I would like to know what is the best advice in such a case and greatly appreciate your help!

 

Would not bother, just ignore, but if the charge is £1 per hour and you are going to be there for two hours then pay £2

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I would have thought that the absence of details in such a log assists the RK as it casts doubt on the existence of the claimed contract agreement to its purported terms.

Good point! :-)

 

Is the log book a condition of using the car park?

Nope - I checked the sign today: the parking is for customers of the shop and the gym. So lack of log entry would not discount the possibility of using the shop, let alone using the gym without logging it. :-)

 

Would not bother, just ignore, but if the charge is £1 per hour and you are going to be there for two hours then pay £2

In this particular case there is no charge for parking anyway, so I can't see how the charge could possibly reflect losses incurred due to a breach of the terms on the sign...

... yet if you park and therefore implicitly agree to the terms on the sign - including the charge for breaking their code - does this mean you've agreed to the amount of the charge in the case of a breach despite the fact it is many many times over any conceivable loss to the provider? :?:

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It sounds like just ignore then

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Good evening all, I've searched the this forum and sticky threads.

They have been very enlightening and useful, but I still have a couple of questions..

 

Firstly in general, under what circumstances should the RK of a vehicle simply just pay the invoiced amount received from a PPC and not try ignoring/appealing?

 

 

 

 

Errrrrm....never! I cannot think of a single case on any forum where I have told someone to pay or to appeal a fake P.C.N. from a PPC. Pointless.

 

 

And specifically:

If the car park provider's premises have a book in which customers may log their vehicle registration and time of use of the premises, then how does lack of a log entry for a vehicle registration covering the time when the parking charge notice was issued effect the validity of the charge?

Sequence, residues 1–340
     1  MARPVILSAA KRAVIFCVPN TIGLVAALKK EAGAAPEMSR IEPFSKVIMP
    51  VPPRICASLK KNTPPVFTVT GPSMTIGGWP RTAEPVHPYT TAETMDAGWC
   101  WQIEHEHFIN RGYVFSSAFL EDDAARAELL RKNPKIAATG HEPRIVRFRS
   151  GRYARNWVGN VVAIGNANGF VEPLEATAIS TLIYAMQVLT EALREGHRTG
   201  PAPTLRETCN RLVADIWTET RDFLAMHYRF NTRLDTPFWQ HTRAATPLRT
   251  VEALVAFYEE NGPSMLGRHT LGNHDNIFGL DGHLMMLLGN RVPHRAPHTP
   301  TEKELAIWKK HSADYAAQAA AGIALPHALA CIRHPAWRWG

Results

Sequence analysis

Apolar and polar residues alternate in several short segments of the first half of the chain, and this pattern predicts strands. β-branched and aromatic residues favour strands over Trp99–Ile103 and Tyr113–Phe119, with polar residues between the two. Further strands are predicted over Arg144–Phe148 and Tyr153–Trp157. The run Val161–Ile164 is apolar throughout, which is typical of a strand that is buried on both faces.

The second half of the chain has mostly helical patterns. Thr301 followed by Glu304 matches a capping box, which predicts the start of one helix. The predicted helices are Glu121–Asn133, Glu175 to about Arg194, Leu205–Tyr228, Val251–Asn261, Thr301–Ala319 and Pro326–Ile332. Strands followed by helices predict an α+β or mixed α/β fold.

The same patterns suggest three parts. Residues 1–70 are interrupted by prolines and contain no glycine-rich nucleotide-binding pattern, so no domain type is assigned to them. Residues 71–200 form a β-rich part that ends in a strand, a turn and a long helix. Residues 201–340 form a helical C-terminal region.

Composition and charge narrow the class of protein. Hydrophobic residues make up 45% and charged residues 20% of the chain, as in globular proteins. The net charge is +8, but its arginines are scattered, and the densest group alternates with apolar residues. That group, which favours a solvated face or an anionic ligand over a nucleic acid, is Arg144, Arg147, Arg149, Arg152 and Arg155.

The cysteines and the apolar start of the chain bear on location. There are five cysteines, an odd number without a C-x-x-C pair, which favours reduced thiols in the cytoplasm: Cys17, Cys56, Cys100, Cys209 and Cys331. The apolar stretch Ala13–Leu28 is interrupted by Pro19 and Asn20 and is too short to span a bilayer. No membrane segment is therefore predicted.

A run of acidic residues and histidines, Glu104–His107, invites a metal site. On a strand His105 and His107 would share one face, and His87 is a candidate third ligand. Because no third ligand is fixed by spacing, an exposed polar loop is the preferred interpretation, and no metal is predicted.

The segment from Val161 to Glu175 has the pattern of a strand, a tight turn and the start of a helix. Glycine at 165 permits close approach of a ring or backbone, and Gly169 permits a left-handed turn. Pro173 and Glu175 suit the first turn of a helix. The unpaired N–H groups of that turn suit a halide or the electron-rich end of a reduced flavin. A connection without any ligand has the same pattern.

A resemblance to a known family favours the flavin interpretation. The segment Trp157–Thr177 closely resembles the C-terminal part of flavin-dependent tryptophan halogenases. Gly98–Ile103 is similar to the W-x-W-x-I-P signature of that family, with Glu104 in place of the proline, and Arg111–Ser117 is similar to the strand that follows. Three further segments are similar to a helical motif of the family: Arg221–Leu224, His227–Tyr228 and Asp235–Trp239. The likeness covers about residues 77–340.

Obviously I've heard of somebody receiving a charge notice issued on the same day (although not necessarily the same time) that they were using the provider's premises and did not log their registration to show when they used the premises.

 

I would like to know what is the best advice in such a case and greatly appreciate your help!

 

 

 

Just ignore them. Google 'private parking letters, what to expect' and read the results, see previews of the threatogram letters in pictures.

 

Still ignore them!

 

Not having written a car reg in a log book could happen to any customer of that place. Customer may not realise, new staff member may not realise, reception desk my be busy, reception desk may be temporarily unmanned...all reasons why a car reg number may be omitted from a log book. Also there's the question of the DPA. They are collecting and STORING data so whoever keeps that data should, I think have to provide each person with info as to how the data is stored and for what purposes...could be a DPA breach here which would be good reason for any person not to want to divulge their car details!

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More good points, thanks everyone. :-)

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RK is irrelevant - the only person that matters is the person who entered into the alleged contract at the time.

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The PPC (AS SECURI-T LTD) is now dissolved (as of 19th June 2011) but I have begun to receive letters in August from a "Roxburghe Debt Collectors" (Roxburghe (UK) LTD) pursuing the full "parking charge Notice" amount plus "late payment charges"!

 

How does the fact the "debt collectors" client is a dissolved company effect this?

 

And is it better to ignore it or to inform the debt collectors I dispute the claim from their client?

 

:???:

Edited by Park-n-hide
missed out words

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A parking charge notice, if we are to take it seriously for a moment, is in effect a fine which a private company has decided to impose. From a legal perspective, they have no right to impose a fine on anyone. Courts can impose fines, police can fine you, councils under decriminalised parking legislation can issue a penalty charge. BUT..... no private company can regard themselves as entitled to start dishing out fines for breaching their rules, any more than you or I could start fining people for wearing clothes we dislike, keeping a pet hamster or supporting Arsenal. (although the last one would be worth a go!)

 

So - always ignore. There are no circumstances at all in which payment is appropriate. The fine is a legal joke and there is absolutely no debt and they cannot take you to court for it.

 

Don't confuse the issue with the hypothetical breach of contract situation. If they really wanted to try and sue for breach of contract, then the original parking charge has nothing whatever to do with the case. They would be suing for something else, and the two are not connected. So still no reason at all to pay the penalty charge.